I had another excellent reading month in June:
→ EVERYTHING I NEVER TOLD YOU by Celeste Ng: Lydia is the beloved middle child of the Lees, a mixed-race couple in a small Ohio town in 1977. Her white mother has groomed her for the academic and career success she was prevented from achieving herself. Her Chinese-American father dreams of Lydia attaining popularity and fitting in socially as he never could. Her older brother is Lydia's greatest ally against the parental pressures, but he's also deeply jealous of the attention she receives. Her younger sister, a quiet and thoughtful child, is largely ignored within the family. When Lydia is found dead shortly after her sixteenth birthday, the Lee family is ripped apart by the loss and by the realization that none of them knew Lydia -- or each other -- very well at all.
This beautifully constructed story is a mystery at heart, but just as prominent as the question of what led to Lydia's death is the puzzle of what drives the behaviors and emotions of every member of the Lee family. The narrative focuses on each of them in the months after Lydia's death, as well as exploring events in the years before, gradually revealing clues that add up to terrible consequences.
I admire so much about this novel. Ng's characters are real and unexpected, and their relationships are carefully developed. I especially appreciated the strong, though sad, depiction of sibling dynamics. This might be the best story I've read that revolves around misunderstandings and different interpretations of situations, a premise that's difficult to pull off well. EVERYTHING I NEVER TOLD YOU is heartbreaking, so it's not going to be right for every reader, but it definitely joins my list of favorite novels.
→ A GOD IN RUINS is Kate Atkinson's followup to the brilliant LIFE AFTER LIFE (my review), in which Ursula Todd keeps re-experiencing her lifetime until she gets it right. This companion novel follows Ursula's beloved younger brother Teddy, who serves as an RAF bomber pilot during World War II, beats the odds to survive the war, and goes on to have a long life, a daughter he struggles with, and two grandchildren he adores.
Unlike Ursula, Teddy lives only once, and he moves through time in an exclusively forward direction. However, the story constantly jumps back and forth across the years and between the perspectives of Teddy and his family members to gradually present a non-chronological account of their major life events. A scene focusing on Teddy in his old age might suddenly leap back to a wartime episode, mirroring the nature of memory. At other points, the text reveals incidents the characters haven't yet experienced that will take place decades later. It's a difficult narrative technique, but Atkinson skillfully wields all the threads of time and point of view to tell a fascinating story of the Todd family over the span of a century.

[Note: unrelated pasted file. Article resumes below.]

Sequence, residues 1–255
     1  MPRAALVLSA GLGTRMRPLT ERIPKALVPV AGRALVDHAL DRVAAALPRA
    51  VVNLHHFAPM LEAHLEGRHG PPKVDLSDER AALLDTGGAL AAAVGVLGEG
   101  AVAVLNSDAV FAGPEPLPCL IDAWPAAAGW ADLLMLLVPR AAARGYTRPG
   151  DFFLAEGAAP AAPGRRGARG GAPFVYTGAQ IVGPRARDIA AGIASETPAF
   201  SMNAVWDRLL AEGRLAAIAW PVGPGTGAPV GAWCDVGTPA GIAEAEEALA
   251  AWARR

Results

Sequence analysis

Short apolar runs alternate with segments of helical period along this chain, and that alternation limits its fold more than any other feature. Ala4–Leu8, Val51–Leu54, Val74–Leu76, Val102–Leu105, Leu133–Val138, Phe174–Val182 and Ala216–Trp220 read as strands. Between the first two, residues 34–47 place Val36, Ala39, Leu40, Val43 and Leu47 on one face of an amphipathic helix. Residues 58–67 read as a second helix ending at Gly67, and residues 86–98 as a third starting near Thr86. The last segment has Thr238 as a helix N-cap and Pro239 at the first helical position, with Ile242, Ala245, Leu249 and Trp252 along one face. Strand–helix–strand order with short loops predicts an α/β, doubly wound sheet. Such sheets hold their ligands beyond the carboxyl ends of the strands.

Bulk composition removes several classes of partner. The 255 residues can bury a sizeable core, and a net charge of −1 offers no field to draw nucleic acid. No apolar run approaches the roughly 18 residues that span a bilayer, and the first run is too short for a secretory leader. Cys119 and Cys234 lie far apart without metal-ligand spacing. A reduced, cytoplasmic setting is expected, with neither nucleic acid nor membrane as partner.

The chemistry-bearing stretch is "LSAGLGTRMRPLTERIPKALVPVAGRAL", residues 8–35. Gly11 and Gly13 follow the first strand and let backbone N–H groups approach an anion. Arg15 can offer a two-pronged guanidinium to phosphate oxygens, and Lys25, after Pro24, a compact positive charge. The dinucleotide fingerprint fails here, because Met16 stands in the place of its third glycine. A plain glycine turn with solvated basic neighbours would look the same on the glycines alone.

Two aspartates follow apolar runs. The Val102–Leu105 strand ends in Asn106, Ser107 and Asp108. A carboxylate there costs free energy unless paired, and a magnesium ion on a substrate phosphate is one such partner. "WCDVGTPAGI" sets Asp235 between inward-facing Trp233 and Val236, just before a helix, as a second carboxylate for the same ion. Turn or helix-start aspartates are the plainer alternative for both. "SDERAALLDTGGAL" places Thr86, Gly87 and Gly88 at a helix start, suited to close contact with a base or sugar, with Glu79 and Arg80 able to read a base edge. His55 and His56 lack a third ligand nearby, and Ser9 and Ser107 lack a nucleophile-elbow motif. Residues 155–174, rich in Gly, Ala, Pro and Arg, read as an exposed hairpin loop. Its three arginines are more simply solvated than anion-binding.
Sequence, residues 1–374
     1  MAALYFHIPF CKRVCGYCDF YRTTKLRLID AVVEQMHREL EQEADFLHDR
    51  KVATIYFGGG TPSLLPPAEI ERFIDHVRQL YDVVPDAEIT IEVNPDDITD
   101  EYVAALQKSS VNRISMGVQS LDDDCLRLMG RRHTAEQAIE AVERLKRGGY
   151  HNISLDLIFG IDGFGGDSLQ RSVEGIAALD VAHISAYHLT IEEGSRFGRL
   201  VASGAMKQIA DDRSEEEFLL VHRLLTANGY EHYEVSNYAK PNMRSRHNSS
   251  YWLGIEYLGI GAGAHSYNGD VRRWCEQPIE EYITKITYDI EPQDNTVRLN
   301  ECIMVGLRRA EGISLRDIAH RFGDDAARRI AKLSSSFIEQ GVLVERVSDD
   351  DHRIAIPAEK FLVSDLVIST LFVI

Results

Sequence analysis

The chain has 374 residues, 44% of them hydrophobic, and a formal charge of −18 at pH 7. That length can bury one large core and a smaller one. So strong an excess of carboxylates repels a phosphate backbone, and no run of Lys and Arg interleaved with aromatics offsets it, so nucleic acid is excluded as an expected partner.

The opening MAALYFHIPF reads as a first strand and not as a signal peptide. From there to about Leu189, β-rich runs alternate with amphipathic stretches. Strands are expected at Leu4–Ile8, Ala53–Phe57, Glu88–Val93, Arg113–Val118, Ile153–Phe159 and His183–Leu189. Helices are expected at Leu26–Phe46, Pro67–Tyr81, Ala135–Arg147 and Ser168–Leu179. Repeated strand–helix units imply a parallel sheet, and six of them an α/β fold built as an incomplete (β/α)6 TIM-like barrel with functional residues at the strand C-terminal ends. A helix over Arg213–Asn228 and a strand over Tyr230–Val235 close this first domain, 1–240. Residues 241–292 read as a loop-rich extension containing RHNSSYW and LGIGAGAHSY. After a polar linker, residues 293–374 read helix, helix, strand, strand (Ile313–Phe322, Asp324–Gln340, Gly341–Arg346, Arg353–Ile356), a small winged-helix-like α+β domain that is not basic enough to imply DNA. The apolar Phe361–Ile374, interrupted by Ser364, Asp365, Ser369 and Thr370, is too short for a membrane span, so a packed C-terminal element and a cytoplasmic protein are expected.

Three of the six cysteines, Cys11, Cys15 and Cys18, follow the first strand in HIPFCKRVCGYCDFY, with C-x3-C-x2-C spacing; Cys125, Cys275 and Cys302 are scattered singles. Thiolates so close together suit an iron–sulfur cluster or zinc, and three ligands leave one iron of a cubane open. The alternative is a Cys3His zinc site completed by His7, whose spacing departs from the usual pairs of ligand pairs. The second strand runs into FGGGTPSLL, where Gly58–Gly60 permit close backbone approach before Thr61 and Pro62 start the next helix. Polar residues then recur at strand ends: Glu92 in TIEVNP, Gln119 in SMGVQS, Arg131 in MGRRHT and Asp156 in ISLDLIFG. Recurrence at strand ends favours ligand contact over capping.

The Todds are a great set of characters with a range of conflicting personalities, and I was happy to reunite with the family members from the earlier book and meet the new ones. Again in this story, Atkinson excels at placing characters in historical context and particularly portraying how WWII redefined their lives. The scenes set during the war are vivid, and several intense chapters portray Teddy's harrowing experiences piloting bomber planes over Europe. There are many deeply sad episodes, both during and after the war, but Atkinson finds the wit and absurdity even in these moments, and the book contains a great deal of humor.
I guess you could enjoy this novel without reading LIFE AFTER LIFE, but there's no reason to, when the first book is so wonderful and this story points back to it in so many ways. Read them both! A GOD IN RUINS didn't delight me quite as much as Ursula's story, but I was thrilled by how close it came. I look forward to discussing it with others, because like the first book, the new one also leaves readers with much to ponder.
→ IN THE UNLIKELY EVENT by Judy Blume: In the winter of 1951-2, three commercial airplanes crashed in Elizabeth, New Jersey in less than two months. This real event loomed large in the childhood of Judy Blume, who grew up in Elizabeth, and she's built her latest novel around it. The details of the strange series of crashes are all historically accurate, but the rest of the book is fiction that follows a large cast of characters as their lives are shaken up by witnessing the falling planes or losing loved ones.
Miri, who is about to turn 15, is at the center of the novel, so there's a strong coming-of-age component to the story, and of course Blume is in her element writing about teens and their emotions. The adults in Miri's family, as well as the members of several other families, also play large roles and have plotlines around grownup concerns. I enjoyed the mix of characters and the various issues they face, some related to the planes crashes and some not, some particular to the 1950s and some timeless. Earlier in the book, I was occasionally bored when the focus wasn't on the crashes, but the less interesting plots eventually grew stronger, and by the end I was invested in every storyline.
Overall, this is an engrossing novel, most notable for depicting a very unsettling time in one city's history. The personal stories of the characters aren't the most nuanced, but they make for a good read. I grew up with Blume's books, and I'm glad that after a long career, she decided to use her memories of the plane crashes in a novel. It was great to hear her talk about it all last month at the Bay Area Book Festival.